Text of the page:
By gods or beasts or what things then
Walked a new world instead of men
And scrawled on the hill-side.
And when he came to White Horse Down
The great White Horse was grey,
For it was ill scoured of the weed,
And lichen and thorn could crawl and feed,
Since the foes of settled house and creed
Had swept old works away.
King Alfred gazed all sorrowful
At thistle and mosses grey,
Then laughed; and watched th...Read More
by Jeffers, Robinson
...the secret mountains.
There is beauty in power also.
You children must widen your minds' eyes to take mountains
Instead of faces, and millions
Instead of persons; not to hate life; and massed power
After the lone hawk's dead.
That light blood-loving weasel, a tongue of yellow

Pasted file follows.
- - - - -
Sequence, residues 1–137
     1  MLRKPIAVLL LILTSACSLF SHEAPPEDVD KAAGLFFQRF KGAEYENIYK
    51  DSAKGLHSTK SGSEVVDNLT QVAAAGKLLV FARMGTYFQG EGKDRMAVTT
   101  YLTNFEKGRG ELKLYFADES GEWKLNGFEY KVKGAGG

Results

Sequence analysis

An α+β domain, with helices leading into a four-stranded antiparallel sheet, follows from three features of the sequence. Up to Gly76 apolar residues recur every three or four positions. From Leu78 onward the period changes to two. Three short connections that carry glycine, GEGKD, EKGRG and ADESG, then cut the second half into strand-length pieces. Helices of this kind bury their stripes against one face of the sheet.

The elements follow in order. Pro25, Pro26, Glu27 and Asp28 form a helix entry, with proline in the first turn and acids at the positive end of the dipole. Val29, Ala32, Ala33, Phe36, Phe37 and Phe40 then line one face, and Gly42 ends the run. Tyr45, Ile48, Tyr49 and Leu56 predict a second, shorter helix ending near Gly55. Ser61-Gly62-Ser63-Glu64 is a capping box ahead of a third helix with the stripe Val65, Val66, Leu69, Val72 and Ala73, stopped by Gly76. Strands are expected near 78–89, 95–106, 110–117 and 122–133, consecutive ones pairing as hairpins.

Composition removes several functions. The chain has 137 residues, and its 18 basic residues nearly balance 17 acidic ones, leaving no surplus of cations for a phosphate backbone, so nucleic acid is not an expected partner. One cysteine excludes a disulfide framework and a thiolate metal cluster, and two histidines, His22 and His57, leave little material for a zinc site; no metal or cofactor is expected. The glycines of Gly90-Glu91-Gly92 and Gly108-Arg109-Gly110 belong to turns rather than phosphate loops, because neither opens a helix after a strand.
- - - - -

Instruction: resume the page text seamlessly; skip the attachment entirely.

Fire licking the sides of the gray stones,
Has a more passionate and more pure heart
In the snake-slender flanks than man can imagine;
But he is betrayed by his own courage,
The man who...Read More
by Stevens, Wallace
10 An eye of land, of simple salad-beds,
11 Of honest quilts, the eye of Crispin, hung
12 On porpoises, instead of apricots,
13 And on silentious porpoises, whose snouts
14 Dibbled in waves that were mustachios,
15 Inscrutable hair in an inscrutable world.
16 One eats one pat¨¦, even of salt, quotha.
17 It was not so much the lost terrestrial,
18 The snug hibernal from that sea and salt,
19 That century of wind in a single puff.
by Masefield, John
...ne, a bouncing girl
With eyes all sparks and hair all curl,
And cheeks all red and lips all coal,
And thirst for men instead of soul.
She's trod her pathway to the fire.
Old Rivers had his nephew by her.
I step aside from Tom and Jimmy
To find if she'd a kiss to gimme.